6.1 Introduction
6.2 Quantifying complementarity
6.3 Examples
6.4 Case of study: complementarity in the Colombian electricity system
6.5 Discussion and final remarks
Funding
References
Chapter 7 Global complementarity of renewable energy sources
7.1 Introduction
7.2 Methodology
7.3 Results and discussion
7.4 Complementarity between solar and wind energy on the global scale
7.5 Conclusions
Appendix
Acknowledgment
References
Chapter 8 On the role of resource complementarity in siting renewable power plants and its impact on power system design and economics
8.1 Introduction
8.2 Methodology
8.3 Case study
8.4 Results
8.5 Conclusion
References
Chapter 9 Complementary behavior of solar and wind energy based on the reported data on the European level—a country-level analysis
9.1 Introduction
9.2 Analysis
9.3 Discussion and conclusions
Acknowledgments
References
Chapter 10 Meteorological assessment of coupled wind–solar power generation regimes in Spain
10.1 Introduction
10.2 Data and methods
10.3 Results
10.4 Discussion, summary, and conclusions
Acknowledgments
References
Chapter 11 Impact of climate change on wind and solar energy sources complementarity: a case study of the northeast Brazilian region
11.1 Introduction
11.2 Preliminary concepts
11.3 Methodology
11.4 Case study
11.5 Final considerations on the case study
11.6 Conclusions
References
Chapter 12 A comparative study of correlation coefficients used to assess the solar and wind complementarity in Mexico
12.1 Introduction
12.2 Energetic complementarity studies
12.3 Correlation coefficients
12.4 Canonical correlation analysis
12.5 Cross-correlation
12.6 Wind and solar data
12.7 Results and discussion
12.8 Conclusions
References
Chapter 13 Short-term complementarity of utility-scale solar and wind power plants
13.1 Introduction
13.2 Case study
13.3 Methodology
13.4 Results and discussion
13.5 Conclusions
References
Chapter 14 Designing hybrid systems operation in the context of resources complementarity
14.1 Introduction
14.2 The involved cities in this study
14.3 Mathematical modeling and optimization
14.4 Results and discussion
14.5 Conclusions
Acknowledgments
References
Chapter 15 Complementarity analysis of hybrid solar–wind power systems` operation
15.1 Introduction
15.2 Solar and wind power in Algeria
15.3 System modeling and data analysis
15.4 Optimal sizing and operation
15.5 Probability of low generation events
15.6 Conclusions
References
Chapter 16 Off-grid hybrid systems reliability and transmission line utilization from the perspective of renewables complementarity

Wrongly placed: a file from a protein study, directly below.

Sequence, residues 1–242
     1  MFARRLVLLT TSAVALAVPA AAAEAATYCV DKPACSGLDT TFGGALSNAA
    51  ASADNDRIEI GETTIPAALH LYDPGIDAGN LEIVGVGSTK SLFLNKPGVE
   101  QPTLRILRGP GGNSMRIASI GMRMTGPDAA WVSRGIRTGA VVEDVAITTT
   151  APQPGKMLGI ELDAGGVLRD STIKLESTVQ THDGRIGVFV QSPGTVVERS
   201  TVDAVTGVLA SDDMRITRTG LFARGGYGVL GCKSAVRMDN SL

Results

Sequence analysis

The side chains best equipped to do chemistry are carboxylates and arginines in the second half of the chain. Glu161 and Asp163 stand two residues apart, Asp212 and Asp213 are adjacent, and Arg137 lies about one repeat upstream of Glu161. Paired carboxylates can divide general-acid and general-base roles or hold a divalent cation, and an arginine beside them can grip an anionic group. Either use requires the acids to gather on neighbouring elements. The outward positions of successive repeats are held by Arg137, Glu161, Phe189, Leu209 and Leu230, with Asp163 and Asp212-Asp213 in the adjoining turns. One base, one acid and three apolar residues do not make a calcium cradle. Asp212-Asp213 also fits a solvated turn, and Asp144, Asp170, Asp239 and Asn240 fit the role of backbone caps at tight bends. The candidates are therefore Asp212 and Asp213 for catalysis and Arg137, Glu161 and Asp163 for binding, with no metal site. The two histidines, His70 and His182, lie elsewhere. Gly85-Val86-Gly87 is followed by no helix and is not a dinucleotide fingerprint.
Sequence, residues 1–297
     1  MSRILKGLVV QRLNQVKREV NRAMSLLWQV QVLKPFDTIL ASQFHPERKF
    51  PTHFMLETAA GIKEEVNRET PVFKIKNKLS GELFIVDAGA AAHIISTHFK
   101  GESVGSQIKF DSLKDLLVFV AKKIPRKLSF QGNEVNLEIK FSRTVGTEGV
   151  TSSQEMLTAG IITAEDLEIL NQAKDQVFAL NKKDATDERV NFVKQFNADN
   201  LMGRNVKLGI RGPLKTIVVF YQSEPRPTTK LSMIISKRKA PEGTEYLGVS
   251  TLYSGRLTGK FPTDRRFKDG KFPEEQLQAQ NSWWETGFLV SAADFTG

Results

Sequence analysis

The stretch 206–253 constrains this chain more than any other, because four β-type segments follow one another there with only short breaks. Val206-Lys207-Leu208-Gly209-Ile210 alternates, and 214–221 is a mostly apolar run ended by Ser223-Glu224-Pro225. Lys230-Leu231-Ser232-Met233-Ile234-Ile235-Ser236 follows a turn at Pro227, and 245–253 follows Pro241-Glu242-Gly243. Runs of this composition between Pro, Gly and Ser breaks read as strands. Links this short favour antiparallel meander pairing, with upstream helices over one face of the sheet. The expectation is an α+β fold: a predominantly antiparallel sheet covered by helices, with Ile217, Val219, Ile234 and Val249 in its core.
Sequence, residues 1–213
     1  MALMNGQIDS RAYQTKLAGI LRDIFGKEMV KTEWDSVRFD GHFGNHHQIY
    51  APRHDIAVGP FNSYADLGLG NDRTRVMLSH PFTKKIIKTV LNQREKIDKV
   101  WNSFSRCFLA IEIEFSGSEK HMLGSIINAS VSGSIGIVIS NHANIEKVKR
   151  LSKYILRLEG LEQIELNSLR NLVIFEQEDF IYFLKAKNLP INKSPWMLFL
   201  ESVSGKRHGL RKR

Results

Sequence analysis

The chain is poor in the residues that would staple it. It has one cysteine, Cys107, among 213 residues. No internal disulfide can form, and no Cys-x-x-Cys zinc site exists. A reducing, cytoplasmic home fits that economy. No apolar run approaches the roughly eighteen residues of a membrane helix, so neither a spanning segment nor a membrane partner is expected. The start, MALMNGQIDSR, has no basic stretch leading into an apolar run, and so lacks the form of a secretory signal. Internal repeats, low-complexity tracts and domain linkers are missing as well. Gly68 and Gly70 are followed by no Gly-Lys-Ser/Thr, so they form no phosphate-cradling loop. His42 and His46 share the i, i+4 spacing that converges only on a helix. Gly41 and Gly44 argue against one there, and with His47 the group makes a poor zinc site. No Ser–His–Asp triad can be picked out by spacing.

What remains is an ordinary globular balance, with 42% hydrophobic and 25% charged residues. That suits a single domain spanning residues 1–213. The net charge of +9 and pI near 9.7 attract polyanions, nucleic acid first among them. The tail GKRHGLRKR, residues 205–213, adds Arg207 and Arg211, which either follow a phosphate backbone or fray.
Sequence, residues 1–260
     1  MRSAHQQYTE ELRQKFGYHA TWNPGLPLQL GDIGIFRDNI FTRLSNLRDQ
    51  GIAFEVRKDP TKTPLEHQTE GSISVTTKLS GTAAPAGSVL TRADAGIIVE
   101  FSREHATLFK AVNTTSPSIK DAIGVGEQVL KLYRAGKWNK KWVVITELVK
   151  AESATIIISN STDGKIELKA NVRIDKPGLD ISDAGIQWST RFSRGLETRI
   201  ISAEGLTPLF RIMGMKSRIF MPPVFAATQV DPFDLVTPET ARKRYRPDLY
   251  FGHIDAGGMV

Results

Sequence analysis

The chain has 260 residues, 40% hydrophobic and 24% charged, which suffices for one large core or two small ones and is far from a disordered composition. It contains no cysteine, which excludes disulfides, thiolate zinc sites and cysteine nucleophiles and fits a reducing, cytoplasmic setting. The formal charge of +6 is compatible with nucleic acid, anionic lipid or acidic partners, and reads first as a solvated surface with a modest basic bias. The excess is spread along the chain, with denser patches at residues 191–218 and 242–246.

16.1 Introduction
16.2 Renewable energy sources and power grid status in Algeria
16.3 Data and methods
16.4 Short discussion on complementarity
16.5 Off-grid renewables-based systems
16.6 Hybrid power stations and transmission line utilization
16.7 Future perspective and challenges
16.8 Conclusions
References
Chapter 17 Complementary concentrated solar power—wind hybrid system with thermal storage and ORC
17.1 Introduction
17.2 System description
17.3 Methodology and models
17.4 Results and discussion
17.5 Conclusions
References
Chapter 18 Complementarity of renewable energy sources in the context of the heating sector
18.1 Renewables in heating sector
18.2 Simulating system operation
18.3 Solar and wind performance in heat supply
18.4 Concluding remarks
References
Chapter 19 Insight into the potential of the energy production by hybrid system: small hydropower and solar photovoltaics
19.1 Introduction
19.2 Basics about hydropower energy and solar photovoltaic plants
19.3 Sizing methodologies
19.4 Conclusion
References
Chapter 20 Operations management of large hydro–PV hybrid power plants: case studies in China
20.1 Introduction
20.2 Robust hydroelectric unit commitment considering integration of large-scale photovoltaic power
20.3 Optimal daily generation scheduling of a hydro–PV power plant
20.4 Long-term reservoir operation to adapt to large-scale photovoltaic power generation
References
Chapter 21 Small hydropower plants proliferation and fluvial ecosystem conservation Nexus
21.1 Renewable energy agenda and small hydropower proliferation
21.2 Fluvial ecosystem conservation and hydrological alteration
21.3 Environmental flows significance and methods overview
21.4 Concluding remarks
References